You may have noticed some changes when you walked into church this morning. The most obvious are the two stars on display – one in the back of the church hanging over the baptismal font, and the other on the beautiful banner hanging in front of the church.
Those stars signal that today is the Feast of the Epiphany, the day that we recognize the wise men’s visit to bring gifts and pay homage to the child who has been born king of the Jews.
It’s a familiar story, one that we tend to romanticize in Christmas pageants with children wearing crowns coming in bearing gifts for the baby Jesus, taking their place beside the shepherds, never minding that shepherds and wise men never meet in scripture.
The truth is there is nothing sweet or romantic about this story. It is one filled with the promise of danger from an insecure king, paranoid about any perceived threat to his power, willing to go to any extremes to preserve his position.
Like corrupt and ruthless leaders everywhere, Herod is skilled in duplicity. When the wise men come to him seeking information about the birth of the child who will be king of the Jews, he points them toward Bethlehem, and encourages them to stop back by on their way home to tell him where the baby is so that he, too, can pay homage to him.
But the visitors from the East are warned in a dream not to return to Herod, and being truly wise men, they pay heed to that warning and go home by another way.
But that is only the first half of this story. We are never required to read the second half of it in a Sunday service, which I think is one of the great shortcomings of our lectionary.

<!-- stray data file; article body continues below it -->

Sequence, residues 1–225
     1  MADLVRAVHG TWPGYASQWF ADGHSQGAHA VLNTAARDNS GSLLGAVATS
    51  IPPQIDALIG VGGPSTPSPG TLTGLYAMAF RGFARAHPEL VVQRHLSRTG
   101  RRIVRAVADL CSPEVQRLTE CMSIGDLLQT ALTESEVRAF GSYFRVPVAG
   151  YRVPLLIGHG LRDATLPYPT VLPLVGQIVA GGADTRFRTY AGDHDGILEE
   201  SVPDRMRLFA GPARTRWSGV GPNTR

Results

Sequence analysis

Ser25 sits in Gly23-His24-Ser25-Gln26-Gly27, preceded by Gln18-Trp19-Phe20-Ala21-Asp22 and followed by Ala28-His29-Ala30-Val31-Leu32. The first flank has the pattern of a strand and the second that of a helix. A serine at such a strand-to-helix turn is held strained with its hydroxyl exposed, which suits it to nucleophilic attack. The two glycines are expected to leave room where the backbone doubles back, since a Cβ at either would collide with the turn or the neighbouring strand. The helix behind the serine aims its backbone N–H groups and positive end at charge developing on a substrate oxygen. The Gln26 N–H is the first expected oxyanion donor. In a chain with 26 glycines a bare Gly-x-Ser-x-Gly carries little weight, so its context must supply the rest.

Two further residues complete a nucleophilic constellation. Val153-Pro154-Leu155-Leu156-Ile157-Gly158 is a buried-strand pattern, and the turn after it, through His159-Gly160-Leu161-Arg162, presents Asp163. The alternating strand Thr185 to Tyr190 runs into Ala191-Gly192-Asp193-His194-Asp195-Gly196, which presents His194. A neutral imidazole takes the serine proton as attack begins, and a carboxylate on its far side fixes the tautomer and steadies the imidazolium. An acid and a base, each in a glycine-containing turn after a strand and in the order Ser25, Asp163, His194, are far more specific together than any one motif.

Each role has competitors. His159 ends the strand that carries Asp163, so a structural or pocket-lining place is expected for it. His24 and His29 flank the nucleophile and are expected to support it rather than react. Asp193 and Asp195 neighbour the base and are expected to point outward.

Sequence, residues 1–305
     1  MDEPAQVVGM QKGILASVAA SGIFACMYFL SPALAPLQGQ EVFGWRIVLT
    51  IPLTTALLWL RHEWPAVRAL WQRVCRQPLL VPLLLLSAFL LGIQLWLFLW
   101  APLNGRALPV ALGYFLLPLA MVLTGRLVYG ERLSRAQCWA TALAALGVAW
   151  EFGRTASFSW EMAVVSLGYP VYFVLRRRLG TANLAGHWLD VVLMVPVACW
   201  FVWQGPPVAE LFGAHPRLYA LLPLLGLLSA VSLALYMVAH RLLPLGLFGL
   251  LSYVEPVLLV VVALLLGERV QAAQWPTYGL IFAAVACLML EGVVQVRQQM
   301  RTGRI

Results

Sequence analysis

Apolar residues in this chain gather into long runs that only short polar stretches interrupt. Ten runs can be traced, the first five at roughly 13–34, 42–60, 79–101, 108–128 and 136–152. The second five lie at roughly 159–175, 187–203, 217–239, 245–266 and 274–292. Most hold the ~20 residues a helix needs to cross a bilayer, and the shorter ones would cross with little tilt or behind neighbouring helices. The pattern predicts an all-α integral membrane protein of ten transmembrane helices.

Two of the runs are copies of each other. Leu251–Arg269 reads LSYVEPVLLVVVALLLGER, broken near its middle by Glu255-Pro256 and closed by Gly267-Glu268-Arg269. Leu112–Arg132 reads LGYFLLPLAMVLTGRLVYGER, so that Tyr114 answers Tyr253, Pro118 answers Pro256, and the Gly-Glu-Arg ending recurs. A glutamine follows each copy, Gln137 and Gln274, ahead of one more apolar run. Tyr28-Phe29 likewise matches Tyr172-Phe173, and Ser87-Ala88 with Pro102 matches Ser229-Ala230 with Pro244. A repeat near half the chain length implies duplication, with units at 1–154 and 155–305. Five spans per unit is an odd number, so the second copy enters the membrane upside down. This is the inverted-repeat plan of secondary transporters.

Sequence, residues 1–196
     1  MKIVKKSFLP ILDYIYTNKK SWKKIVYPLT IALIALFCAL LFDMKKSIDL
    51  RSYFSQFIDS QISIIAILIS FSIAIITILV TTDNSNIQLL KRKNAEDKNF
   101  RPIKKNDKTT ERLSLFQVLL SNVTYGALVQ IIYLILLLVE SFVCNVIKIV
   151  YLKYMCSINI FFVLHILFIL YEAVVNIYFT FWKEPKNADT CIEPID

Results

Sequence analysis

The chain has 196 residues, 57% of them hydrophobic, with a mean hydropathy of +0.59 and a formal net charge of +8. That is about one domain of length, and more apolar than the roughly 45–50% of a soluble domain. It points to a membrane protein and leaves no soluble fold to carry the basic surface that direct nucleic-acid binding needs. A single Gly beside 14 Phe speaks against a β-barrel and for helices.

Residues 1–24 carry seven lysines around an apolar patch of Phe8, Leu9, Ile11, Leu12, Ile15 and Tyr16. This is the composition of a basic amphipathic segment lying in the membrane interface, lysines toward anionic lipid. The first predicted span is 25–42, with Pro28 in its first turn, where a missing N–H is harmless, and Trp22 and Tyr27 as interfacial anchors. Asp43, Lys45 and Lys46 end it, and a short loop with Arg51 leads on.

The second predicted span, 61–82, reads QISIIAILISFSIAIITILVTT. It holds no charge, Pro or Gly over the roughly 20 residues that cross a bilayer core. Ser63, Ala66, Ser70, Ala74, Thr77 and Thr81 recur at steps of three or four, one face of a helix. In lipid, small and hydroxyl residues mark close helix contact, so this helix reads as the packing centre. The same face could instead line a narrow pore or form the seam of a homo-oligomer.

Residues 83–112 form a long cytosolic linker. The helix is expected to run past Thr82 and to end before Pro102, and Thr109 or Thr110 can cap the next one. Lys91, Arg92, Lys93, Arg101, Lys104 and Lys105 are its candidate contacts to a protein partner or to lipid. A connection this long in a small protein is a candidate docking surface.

As soon as the wise men head off on that alternate route home, an angel appears in a dream to Joseph with an urgent message.
“Get up, take the child and his mother, and flee to Egypt, and remain there until I tell you; for Herod is about to search for the child, to destroy him.”
Joseph does as he is told, waking Mary, grabbing their few possessions, heading out in the night with their newborn child on a journey to a strange and foreign land.
All the commentaries on this story talk about how it fulfills Biblical prophecy about the messiah, that it strengthens the parallels between Jesus and Moses, who led his people out of slavery in Egypt.
But what this story says to me is that Jesus, the incarnation of God, begins his life as a refugee.
And I wonder.
How did Mary and Joseph keep the baby from crying, giving their presence away as they fled in the night?
Who helped this young family along the way? Did those strange gifts of gold, frankincense, and myrrh help buy food and shelter?
Did other families with young children become aware of the danger of Herod’s wrath and also flee, joining up with Mary and Joseph and the infant Jesus in a caravan of families desperate to save their children?
How were they received in Egypt?
Did they slip across the border unnoticed? Were they challenged by the Egyptian authorities?
Were they reviled as outsiders and aliens, suspected of being criminals, thought of as less than human, and told to go back where they belong?